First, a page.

The Lowdown: Between Jane’s Addiction’s periods of dormancy, vocalist Perry Farrell has channeled his creative juices into his side project Porno for Pyros and his eponymous solo project. For the latter’s first full-length since 2001’s Song Yet to Be Sung, he has recruited a who’s who of artists such as Taylor Hawkins (Foo Fighters), Elliot Easton (The Cars) and even Tommy Lee to make special guest appearances. Farrell has also commissioned the help of famed producer Tony Visconti (David Bowie, T. Rex, Thin Lizzy, Iggy Pop) to make this fortuitous assemblage of music industry juggernauts even more star-studded.
The Good: Farrell takes on a rather bold manner of production in recording this album, and he attempts to pull off a Mr. Bungle-esque infusion of styles in an affront to the complacency that his contemporaries would likely gravitate towards. Bombastic or not, the gall is admirable. When Farrell’s wife, Etty Farrell (nee Lau), contributes vocals on tracks such as “Machine Girl” and “One”, the two demonstrate an undeniable artistic chemistry, and her mezzo-soprano voice adds a strangely ethereal quality to the recordings. There’s also a decipherable Talking Heads influence on “One” that is executed tastefully, and the jazz piano arpeggios at the end of “More Than I Could Bear” achieve a satisfying effect.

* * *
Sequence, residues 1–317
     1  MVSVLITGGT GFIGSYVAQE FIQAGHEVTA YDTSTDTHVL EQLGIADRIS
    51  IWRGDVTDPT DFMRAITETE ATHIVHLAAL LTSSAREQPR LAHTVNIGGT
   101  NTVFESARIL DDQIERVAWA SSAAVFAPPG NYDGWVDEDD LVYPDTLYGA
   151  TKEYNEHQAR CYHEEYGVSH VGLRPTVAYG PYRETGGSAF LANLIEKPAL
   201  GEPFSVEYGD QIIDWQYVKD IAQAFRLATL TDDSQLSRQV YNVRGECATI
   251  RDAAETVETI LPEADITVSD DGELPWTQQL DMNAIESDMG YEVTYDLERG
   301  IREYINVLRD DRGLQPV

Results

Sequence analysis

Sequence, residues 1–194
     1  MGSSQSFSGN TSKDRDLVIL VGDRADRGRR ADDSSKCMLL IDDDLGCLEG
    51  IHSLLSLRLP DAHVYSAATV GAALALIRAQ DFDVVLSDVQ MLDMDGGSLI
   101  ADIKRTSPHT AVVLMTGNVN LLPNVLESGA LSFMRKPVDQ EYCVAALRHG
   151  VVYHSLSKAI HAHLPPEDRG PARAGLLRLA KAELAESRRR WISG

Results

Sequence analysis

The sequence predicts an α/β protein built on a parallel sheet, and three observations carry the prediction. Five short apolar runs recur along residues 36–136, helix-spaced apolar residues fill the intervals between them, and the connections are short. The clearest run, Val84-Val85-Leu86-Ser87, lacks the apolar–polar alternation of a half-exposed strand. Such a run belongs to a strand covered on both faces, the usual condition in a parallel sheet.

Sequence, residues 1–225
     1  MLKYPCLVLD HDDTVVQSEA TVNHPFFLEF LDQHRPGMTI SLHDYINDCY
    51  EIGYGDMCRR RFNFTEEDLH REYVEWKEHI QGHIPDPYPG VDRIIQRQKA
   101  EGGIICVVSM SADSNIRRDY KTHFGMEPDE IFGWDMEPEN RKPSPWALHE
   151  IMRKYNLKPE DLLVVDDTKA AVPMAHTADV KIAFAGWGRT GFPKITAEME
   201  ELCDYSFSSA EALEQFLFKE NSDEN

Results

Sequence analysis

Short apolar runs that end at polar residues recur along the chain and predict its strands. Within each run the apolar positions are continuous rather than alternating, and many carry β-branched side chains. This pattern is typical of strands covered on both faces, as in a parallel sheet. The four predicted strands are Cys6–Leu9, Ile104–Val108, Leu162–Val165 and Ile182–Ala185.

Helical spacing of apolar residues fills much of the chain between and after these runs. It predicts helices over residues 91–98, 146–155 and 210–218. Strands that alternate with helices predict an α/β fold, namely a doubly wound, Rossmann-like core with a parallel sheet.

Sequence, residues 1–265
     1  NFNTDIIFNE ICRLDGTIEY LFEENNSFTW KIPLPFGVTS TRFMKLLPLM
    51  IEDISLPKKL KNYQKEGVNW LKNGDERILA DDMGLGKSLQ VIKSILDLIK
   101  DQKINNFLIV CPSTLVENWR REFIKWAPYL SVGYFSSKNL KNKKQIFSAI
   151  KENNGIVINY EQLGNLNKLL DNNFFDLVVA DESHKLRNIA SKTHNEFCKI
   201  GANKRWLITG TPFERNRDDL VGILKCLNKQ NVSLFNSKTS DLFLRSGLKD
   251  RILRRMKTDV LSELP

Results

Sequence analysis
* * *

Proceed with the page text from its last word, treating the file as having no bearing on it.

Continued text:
The Bad: Farrell reaches for the highest possible echelon of panache and comes off as desperate to be dramatic. He extends these larger-than-life proclivities to his lyrics, and at times, they fall painfully short. The lyrics, “I’ll cut your job, I’ll raise your rent/ ‘Cause I’m your so-called president” in “Pirate Punk Politician” are toothless. He also tries to evoke sensuality in “Machine Girl”, but sings unintentionally hilarious lyrics, such as “Your coax — it soaks into my mind/ Makes me growl at party time.” (Next time you have sex, tell your partner, “You make me growl at party time,” and see what they say.)
“Spend the Body” channels this saccharine pop sensibility not too far removed from Sleigh Bells while “(red, white and blue) Cheerfulness” takes on this painfully generic blues and garage rock style. Meanwhile, “Let’s All Pray for This World” stands as a “We Are the World”-quality closing track that mawkishly invites everyone to sing along. Above all else, there’s simply no consistent sense of identity through this album, and the stark contrast of styles Farrell achieves are meshed with no unifying attributes. It’s a near-total mess.
The Verdict: Norman Vincent Peale famously quipped, “Shoot for the moon. Even if you miss, you’ll land among the stars.” Kind Heaven shows Farrell somehow managing to be the exception to this rule, as he shoots for the same target but somehow manages to land far below the earth’s stratosphere. Farrell’s ambition is an admirable quality he wears on his sleeve, and at times, he showcases an impressive stylistic versatility. However, throughout this album, he takes indiscriminate left turns, and it ultimately makes Kind Heaven a needlessly gratuitous and pretentious mess.
Essential Tracks: “Snakes Have Many Hips”, “More Than I Could Bear”, and “One”